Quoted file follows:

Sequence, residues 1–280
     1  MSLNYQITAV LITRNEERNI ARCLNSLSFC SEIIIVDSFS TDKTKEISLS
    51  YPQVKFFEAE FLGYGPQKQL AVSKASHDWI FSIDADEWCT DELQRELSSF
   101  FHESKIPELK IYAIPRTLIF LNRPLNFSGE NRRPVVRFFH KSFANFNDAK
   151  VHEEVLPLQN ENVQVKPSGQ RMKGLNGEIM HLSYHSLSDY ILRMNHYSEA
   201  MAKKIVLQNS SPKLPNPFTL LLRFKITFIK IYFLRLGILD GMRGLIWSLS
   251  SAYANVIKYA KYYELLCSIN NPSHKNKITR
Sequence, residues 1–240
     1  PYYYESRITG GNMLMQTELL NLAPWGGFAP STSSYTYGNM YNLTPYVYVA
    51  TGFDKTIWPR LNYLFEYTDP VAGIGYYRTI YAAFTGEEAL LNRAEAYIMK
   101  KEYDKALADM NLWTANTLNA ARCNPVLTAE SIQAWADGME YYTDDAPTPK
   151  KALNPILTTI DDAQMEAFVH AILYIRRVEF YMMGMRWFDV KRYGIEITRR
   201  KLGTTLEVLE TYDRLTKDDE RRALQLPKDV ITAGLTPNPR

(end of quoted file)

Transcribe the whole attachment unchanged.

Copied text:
Sequence, residues 1–280
     1  MSLNYQITAV LITRNEERNI ARCLNSLSFC SEIIIVDSFS TDKTKEISLS
    51  YPQVKFFEAE FLGYGPQKQL AVSKASHDWI FSIDADEWCT DELQRELSSF
   101  FHESKIPELK IYAIPRTLIF LNRPLNFSGE NRRPVVRFFH KSFANFNDAK
   151  VHEEVLPLQN ENVQVKPSGQ RMKGLNGEIM HLSYHSLSDY ILRMNHYSEA
   201  MAKKIVLQNS SPKLPNPFTL LLRFKITFIK IYFLRLGILD GMRGLIWSLS
   251  SAYANVIKYA KYYELLCSIN NPSHKNKITR
Sequence, residues 1–240
     1  PYYYESRITG GNMLMQTELL NLAPWGGFAP STSSYTYGNM YNLTPYVYVA
    51  TGFDKTIWPR LNYLFEYTDP VAGIGYYRTI YAAFTGEEAL LNRAEAYIMK
   101  KEYDKALADM NLWTANTLNA ARCNPVLTAE SIQAWADGME YYTDDAPTPK
   151  KALNPILTTI DDAQMEAFVH AILYIRRVEF YMMGMRWFDV KRYGIEITRR
   201  KLGTTLEVLE TYDRLTKDDE RRALQLPKDV ITAGLTPNPR